Formula 1: McLaren-Honda Troubles Continue During Bahrain Testing

When will the misery end?

F1 Winter Testing In Barcelona - Day Three
Dan Istitene—Getty Images

There are only so many times the McLaren-Honda story can be recapped ... but let's give it another go, anyway. The pair were highly successful in the late 1980s and into the early 1990s. Together, they produced one of the most dominant Formula 1 cars of all time, the McLaren MP4/4, complete with a Marlboro livery that has been copied onto every last open-wheeled race car in Forza Motorsport. When the two announced they were getting back together for the 2015 Formula One season, the world expected a repeat of the glorious days of Senna and Prost, but with modern legend Fernando Alonso at the helm. The reality of their performance, however, did not live up to expectations. Constant engine failures, low power, and unkept development promises are straining the two parties to the breaking point, and Alonso is spending his twilight years in the sport with a team that appears unable to get its act together.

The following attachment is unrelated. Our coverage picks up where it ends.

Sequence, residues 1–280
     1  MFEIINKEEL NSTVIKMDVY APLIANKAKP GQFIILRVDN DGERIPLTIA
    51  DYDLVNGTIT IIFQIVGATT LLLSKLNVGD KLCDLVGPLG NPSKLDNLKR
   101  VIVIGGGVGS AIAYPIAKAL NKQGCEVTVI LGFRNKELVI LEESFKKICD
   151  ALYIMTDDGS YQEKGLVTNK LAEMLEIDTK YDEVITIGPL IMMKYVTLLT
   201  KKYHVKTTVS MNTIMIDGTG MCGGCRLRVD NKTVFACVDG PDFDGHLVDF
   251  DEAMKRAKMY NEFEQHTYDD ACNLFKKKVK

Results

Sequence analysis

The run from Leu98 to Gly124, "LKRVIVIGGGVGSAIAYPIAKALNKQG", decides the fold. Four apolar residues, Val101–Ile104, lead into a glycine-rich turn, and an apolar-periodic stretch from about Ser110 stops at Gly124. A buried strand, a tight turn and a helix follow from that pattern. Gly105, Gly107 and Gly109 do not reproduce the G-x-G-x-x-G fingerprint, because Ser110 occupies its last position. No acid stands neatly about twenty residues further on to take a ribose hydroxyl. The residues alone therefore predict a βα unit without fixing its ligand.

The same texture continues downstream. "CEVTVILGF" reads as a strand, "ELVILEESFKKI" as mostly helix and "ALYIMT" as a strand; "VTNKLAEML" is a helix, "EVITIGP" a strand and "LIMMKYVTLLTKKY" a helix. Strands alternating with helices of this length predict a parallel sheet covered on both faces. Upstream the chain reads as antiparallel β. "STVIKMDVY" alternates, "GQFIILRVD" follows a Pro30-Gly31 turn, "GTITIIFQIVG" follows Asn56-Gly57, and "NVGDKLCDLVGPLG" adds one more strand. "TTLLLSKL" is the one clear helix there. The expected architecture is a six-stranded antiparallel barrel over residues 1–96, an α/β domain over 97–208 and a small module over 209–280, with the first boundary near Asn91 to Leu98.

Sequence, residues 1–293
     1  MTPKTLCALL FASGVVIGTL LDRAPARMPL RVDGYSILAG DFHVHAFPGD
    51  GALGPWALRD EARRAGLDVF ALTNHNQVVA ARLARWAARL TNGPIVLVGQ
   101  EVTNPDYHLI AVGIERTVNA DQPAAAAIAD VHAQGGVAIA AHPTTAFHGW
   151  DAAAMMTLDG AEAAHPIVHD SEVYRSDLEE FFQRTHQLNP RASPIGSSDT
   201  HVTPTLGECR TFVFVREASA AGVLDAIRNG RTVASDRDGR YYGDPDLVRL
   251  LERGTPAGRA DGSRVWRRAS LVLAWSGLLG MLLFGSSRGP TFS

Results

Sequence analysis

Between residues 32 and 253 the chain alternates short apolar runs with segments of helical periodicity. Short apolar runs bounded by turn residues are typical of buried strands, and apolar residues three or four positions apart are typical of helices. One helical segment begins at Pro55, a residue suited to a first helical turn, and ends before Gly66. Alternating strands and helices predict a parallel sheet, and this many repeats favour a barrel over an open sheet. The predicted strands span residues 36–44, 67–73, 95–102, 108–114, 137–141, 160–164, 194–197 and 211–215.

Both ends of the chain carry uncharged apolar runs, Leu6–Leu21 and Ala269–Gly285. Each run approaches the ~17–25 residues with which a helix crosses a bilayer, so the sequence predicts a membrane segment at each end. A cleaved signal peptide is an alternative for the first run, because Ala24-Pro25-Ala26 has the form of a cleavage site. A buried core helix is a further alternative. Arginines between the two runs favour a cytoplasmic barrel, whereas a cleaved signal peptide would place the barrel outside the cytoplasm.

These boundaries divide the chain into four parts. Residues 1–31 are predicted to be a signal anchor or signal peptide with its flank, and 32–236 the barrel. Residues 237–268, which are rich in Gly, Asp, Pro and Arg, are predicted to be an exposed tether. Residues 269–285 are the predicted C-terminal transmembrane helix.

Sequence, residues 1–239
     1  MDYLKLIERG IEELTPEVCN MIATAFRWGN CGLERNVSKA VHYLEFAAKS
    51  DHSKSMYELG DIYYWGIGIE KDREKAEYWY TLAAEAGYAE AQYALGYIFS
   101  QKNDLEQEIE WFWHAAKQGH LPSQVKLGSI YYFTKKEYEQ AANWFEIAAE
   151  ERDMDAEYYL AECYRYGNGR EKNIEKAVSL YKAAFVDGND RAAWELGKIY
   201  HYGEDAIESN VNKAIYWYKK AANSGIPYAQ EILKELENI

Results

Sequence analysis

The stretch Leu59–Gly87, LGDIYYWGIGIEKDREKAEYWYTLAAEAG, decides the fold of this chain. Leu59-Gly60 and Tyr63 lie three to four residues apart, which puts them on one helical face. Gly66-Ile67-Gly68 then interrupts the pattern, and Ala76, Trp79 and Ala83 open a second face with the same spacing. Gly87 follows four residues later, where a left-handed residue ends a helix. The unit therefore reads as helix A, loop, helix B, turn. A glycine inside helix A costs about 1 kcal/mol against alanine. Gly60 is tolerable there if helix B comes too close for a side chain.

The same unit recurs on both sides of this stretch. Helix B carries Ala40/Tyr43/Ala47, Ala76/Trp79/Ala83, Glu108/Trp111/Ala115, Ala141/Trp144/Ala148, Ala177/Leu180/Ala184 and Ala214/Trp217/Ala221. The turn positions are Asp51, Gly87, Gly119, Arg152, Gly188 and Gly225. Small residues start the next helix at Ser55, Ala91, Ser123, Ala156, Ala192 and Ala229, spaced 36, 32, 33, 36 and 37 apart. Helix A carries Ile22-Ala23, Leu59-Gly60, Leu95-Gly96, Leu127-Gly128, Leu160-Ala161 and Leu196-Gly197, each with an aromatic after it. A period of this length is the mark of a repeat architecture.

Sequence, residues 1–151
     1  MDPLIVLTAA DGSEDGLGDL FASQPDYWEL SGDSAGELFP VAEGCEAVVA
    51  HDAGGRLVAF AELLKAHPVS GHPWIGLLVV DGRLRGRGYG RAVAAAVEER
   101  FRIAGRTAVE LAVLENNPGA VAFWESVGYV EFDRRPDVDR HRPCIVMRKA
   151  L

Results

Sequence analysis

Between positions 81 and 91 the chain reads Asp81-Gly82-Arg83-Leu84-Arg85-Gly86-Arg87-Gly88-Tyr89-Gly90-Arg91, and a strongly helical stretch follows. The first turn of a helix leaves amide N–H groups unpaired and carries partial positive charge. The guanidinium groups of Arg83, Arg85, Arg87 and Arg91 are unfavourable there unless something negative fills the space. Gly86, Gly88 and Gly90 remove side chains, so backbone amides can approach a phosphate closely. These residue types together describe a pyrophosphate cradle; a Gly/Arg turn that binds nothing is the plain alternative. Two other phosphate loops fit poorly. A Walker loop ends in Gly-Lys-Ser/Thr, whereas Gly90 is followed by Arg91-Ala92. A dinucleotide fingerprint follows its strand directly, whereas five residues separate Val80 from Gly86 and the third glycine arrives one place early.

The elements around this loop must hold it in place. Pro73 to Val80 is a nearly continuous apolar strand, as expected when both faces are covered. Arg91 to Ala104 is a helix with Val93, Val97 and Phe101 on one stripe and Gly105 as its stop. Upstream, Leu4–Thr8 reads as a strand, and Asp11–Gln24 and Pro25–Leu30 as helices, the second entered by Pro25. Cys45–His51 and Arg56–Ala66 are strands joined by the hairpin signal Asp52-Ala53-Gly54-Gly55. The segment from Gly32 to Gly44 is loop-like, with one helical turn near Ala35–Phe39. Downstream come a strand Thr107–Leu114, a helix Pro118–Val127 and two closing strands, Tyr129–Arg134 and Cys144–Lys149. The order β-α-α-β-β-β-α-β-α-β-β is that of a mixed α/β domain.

Some hope was rekindled when Honda announced an updated engine would see trials during the in-season testing at Bahrain International Circuit on two weekdays after the Grand Prix weekend. Alas, with one day of testing concluded, some of these newfound hopes have been dashed. The McLaren of Oliver Turvey was called back into the pit lane early when a dangerous water leak near the car's Energy Recovery System was detected, according to GPUpdate. The energy recovery systems of modern Formula One cars convert excess heat energy generated by the engine and kinetic energy normally lost under braking into electric energy, stored in a high voltage battery. If leaking coolant were to cause a short circuit between part of the ERS system or battery and the car's highly conductive carbon fiber bodywork, a risky scenario for the driver, pit crew, engineers, and track marshals could occur.

It's unlikely that anyone, at this point, is shocked by yet another Honda failure—but disappointed? Absolutely.